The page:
Getting ready for a travel this coming week so I need some reading material. Looking through DriveThruRPG I realized I am behind on my Cepheus Engine reading. I make no secret of the fact that I absolutely love Cepheus Engine, the OGL 2d6 Sci-Fi RPG based on the Original 2d6 Science Fiction RPG (aka Classic Traveller RPG). I still am unhappy at all the “alternate” names but I (sorta) understand the legalities of it.
If you look back on my blog, you will see that up until this year I had a heavy focus on roleplaying games, especially science-fiction RPGs. This year I have turned hard into boardgames with a mix of tabletop family games and wargames landing on the table. RPGs have definitely fallen off to the side.
I recently took a look at DriveThruRPGs Black Friday to Cyber Monday Sale and made a few purchases, but at the same time I asked myself why I lost my RPG mojo. Last year I really tried to like Star Trek Adventures from Modiphius Entertainment. I participated in part of the Living Playtest and offered (few, very few) comments. In the end, instead of liking Star Trek Adventures, I was turned off to RPGs and only now am (sorta) giving them a chance again.
This is the Star Trek Adventures Borg Cube Collector’s Edition Box Set. To me, this is not an RPG.
I cannot fully explain why I have such a visceral reaction to this offering. I understand that I don’t need the extra maps, and dice, and miniatures, and tokens, and other baubles to play an RPG. I know that all you need to play is a simple set of rules and imagination. I know because that is what I did with Classic Traveller for many years.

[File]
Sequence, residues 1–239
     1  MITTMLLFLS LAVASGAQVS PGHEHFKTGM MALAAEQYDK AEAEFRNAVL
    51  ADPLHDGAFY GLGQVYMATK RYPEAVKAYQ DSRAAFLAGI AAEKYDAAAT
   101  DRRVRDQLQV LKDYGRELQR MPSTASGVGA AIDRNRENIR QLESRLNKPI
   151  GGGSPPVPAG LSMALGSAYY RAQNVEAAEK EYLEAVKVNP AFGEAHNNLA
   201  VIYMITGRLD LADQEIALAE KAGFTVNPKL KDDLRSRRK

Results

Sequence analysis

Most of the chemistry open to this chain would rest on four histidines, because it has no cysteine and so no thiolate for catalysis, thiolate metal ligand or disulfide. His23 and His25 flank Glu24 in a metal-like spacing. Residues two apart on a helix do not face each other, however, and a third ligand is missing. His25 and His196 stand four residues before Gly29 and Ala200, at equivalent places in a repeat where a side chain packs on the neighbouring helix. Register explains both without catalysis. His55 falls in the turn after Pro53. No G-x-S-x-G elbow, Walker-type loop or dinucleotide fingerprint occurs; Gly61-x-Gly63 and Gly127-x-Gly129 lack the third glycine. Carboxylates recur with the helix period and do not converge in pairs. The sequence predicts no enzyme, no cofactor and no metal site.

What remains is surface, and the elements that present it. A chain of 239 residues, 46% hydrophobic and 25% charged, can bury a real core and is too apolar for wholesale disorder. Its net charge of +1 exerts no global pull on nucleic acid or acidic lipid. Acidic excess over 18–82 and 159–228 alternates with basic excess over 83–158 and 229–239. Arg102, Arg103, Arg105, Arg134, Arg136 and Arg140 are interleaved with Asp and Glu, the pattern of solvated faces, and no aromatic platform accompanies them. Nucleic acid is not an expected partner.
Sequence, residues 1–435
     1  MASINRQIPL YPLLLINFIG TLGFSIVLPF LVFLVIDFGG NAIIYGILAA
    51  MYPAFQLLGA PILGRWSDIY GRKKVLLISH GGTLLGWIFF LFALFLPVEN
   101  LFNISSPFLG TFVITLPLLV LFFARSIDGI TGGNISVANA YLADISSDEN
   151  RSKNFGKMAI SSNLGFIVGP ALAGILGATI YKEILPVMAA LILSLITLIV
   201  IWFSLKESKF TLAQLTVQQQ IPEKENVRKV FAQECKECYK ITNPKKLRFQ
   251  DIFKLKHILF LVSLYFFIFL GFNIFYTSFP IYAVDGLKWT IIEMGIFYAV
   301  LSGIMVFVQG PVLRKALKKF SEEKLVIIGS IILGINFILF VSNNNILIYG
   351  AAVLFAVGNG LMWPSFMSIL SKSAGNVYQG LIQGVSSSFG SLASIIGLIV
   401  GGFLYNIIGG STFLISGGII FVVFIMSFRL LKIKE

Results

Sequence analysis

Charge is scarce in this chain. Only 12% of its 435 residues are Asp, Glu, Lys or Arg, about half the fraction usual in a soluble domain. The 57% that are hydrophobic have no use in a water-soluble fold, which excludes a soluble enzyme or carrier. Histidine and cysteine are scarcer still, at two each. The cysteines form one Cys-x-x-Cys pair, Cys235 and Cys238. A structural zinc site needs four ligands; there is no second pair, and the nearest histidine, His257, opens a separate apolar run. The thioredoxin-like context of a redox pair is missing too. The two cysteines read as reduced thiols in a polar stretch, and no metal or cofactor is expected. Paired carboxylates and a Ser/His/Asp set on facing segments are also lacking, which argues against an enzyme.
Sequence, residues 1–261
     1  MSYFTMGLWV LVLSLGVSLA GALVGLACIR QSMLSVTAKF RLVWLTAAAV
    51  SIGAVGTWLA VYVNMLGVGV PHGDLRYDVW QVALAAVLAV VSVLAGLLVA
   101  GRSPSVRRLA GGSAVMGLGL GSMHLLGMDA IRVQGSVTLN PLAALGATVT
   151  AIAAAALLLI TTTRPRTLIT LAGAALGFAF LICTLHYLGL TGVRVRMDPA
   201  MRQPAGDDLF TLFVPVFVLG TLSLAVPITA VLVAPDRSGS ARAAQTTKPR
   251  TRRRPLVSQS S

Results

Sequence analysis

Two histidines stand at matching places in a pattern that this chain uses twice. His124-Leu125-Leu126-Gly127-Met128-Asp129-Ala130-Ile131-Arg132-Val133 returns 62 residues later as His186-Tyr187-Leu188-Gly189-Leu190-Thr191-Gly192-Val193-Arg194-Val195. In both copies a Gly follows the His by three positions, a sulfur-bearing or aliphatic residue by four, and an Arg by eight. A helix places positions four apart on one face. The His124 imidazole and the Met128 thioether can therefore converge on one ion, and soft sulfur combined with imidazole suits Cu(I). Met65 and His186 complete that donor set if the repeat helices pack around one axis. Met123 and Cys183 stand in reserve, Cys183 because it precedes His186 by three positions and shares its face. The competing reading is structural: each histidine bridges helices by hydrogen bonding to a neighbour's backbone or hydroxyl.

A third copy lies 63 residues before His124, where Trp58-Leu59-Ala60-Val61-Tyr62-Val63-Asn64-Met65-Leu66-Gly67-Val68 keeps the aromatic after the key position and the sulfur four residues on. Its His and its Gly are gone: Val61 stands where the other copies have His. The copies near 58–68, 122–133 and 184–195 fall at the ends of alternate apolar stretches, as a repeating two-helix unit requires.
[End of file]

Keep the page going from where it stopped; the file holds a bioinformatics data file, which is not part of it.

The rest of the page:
I think when I saw Star Trek Adventures I saw the continuation of a trend towards bigger RPG rulebooks and more IP-related gaming. To a point I had bought into that market with Serenityand Battlestar Galactica and Traveller 5 and Mindjammer and Atomic Robo and Fireflyand Star Wars Roleplaying Gamefinding cherished places on my shelf.
I rejected them…and walked away from the RPG hobby for a bit.
I am slowly finding my way back, thanks to small publishers like Gypsy Knights Games and Zozer Games and Stellagama Publishing. For a while that’s where I think I am going to stay for RPGs, on the smaller side of the spectrum with publishers who offer material that stimulate my creativity in a more rules-lite, non-restrictive campaign setting.
I have found my RPG mojo…it never left and it is actually little changed from the late 1970’s. It just doesn’t need a large box and multiple rulebooks and maps and tokens and minis and hardcover expansions. It needs nothing more than the PWYW Cepheus Engine and a setting like The Clement Sector. What I need is like what Zozer Games is offering; the very simple 1970s 2d6 Retro Rules. With these simple tools I can make grand adventures; I don’t need a huge Kickstarter box or endless hardcovers or miniatures or tokens to do have fun.
If you follow me, then I am sure you are getting tired of my constant #TravellerRPG praise. Sorry, but I just like the game that much!
Sure, there are other rules-lite or “microRPG” or folding-style games that do a lot in a little area, but to me the simple three Little Black Books of the original (now Classic) Traveller are what I think of in a ‘lite’ RPG. Many people apparently don’t realize (or have forgotten) that Traveller was not a setting but a simple core mechanic within a (short) flexible ruleset within which basic setting materials were provided. Like many other RPGs of that era, it was expected (demanded?) that game masters would develop their own universe to adventure in. [For the best discussion of this, see Tales to Astound, TRAVELLER: Out of the Box to the Third Imperium].